Nutritional factors in relation to endometrial cancer: A report from a population-based case-control study in Shanghai, China

Authors

  • Wang-Hong Xu,

    1. Department of Epidemiology, Fu Dan University School of Public Health, Shanghai, People's Republic of China
    2. Department of Epidemiology, Shanghai Cancer Institute, Shanghai, People's Republic of China
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  • Qi Dai,

    1. Department of Medicine, Vanderbilt Epidemiology Center, Vanderbilt University and Vanderbilt-Ingram Cancer Center, Medical Center East, Nashville, TN
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  • Yong-Bing Xiang,

    1. Department of Epidemiology, Shanghai Cancer Institute, Shanghai, People's Republic of China
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  • Gen-Ming Zhao,

    1. Department of Epidemiology, Fu Dan University School of Public Health, Shanghai, People's Republic of China
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  • Zhi-Xian Ruan,

    1. Department of Epidemiology, Shanghai Cancer Institute, Shanghai, People's Republic of China
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  • Jia-Rong Cheng,

    1. Department of Epidemiology, Shanghai Cancer Institute, Shanghai, People's Republic of China
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  • Wei Zheng,

    1. Department of Medicine, Vanderbilt Epidemiology Center, Vanderbilt University and Vanderbilt-Ingram Cancer Center, Medical Center East, Nashville, TN
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  • Xiao Ou Shu

    Corresponding author
    1. Department of Medicine, Vanderbilt Epidemiology Center, Vanderbilt University and Vanderbilt-Ingram Cancer Center, Medical Center East, Nashville, TN
    • Vanderbilt Epidemiology Center, 6009 Medical Center East, Vanderbilt University, 1215 21st Ave South, Nashville, TN 37232-8300, USA
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    • Fax: +615-936-1269.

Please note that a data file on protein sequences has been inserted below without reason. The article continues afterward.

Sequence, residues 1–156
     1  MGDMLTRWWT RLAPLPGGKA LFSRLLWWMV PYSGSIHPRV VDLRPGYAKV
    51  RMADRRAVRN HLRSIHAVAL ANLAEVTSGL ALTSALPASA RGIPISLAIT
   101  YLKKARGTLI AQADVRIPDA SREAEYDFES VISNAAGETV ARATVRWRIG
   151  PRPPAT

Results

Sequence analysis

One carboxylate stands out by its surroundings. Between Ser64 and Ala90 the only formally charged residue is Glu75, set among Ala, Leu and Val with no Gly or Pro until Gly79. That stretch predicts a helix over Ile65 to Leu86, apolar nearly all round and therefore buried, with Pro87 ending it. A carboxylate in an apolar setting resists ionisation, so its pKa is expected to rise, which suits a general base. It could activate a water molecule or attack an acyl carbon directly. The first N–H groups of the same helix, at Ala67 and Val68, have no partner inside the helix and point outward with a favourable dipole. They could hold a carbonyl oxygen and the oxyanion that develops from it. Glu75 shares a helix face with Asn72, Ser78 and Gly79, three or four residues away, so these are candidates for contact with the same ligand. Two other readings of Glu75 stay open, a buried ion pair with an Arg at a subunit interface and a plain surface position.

Abstract

We evaluated the role of dietary nutrients in the etiology of endometrial cancer in a population-based case-control study of 1,204 newly diagnosed endometrial cancer cases and 1,212 age frequency-matched controls. Information on usual dietary habits was collected during an in-person interview using a validated, quantitative food frequency questionnaire. Logistic regression analysis was conducted to evaluate the association of nutrients with endometrial cancer risk using an energy density method (e.g., nutrient intake/1,000 kilocalories of intake). Higher energy intake was associated with increased risk, which was attributable to animal source energy and a high proportion of energy from protein and fat. Odds ratios comparing highest versus lowest quintiles of intake were elevated for intake of animal protein (Odds ratio (OR) = 2.0, 95% confidential interval: 1.5–2.7) and fat (OR = 1.5, 1.2–2.0), but reduced for plant sources of these nutrients (OR = 0.7, 0.5–0.9 for protein and OR = 0.6, 0.5–0.8 for fat). Further analysis showed that saturated and monounsaturated fat intake was associated with elevated risk, while polyunsaturated fat intake was unrelated to risk. Dietary retinol, β-carotene, vitamin C, vitamin E, fiber, and vitamin supplements were inversely associated with risk. No significant association was observed for dietary vitamin B1 or vitamin B2. Our findings suggest that associations of dietary macronutrients with endometrial cancer risk may depend on their sources, with intake of animal origin nutrients being related to higher risk and intake of plant origin nutrients related to lower risk. Dietary fiber, retinol, β-carotene, vitamin C, vitamin E, and vitamin supplementation may decrease the risk of endometrial cancer. © 2007 Wiley-Liss, Inc.

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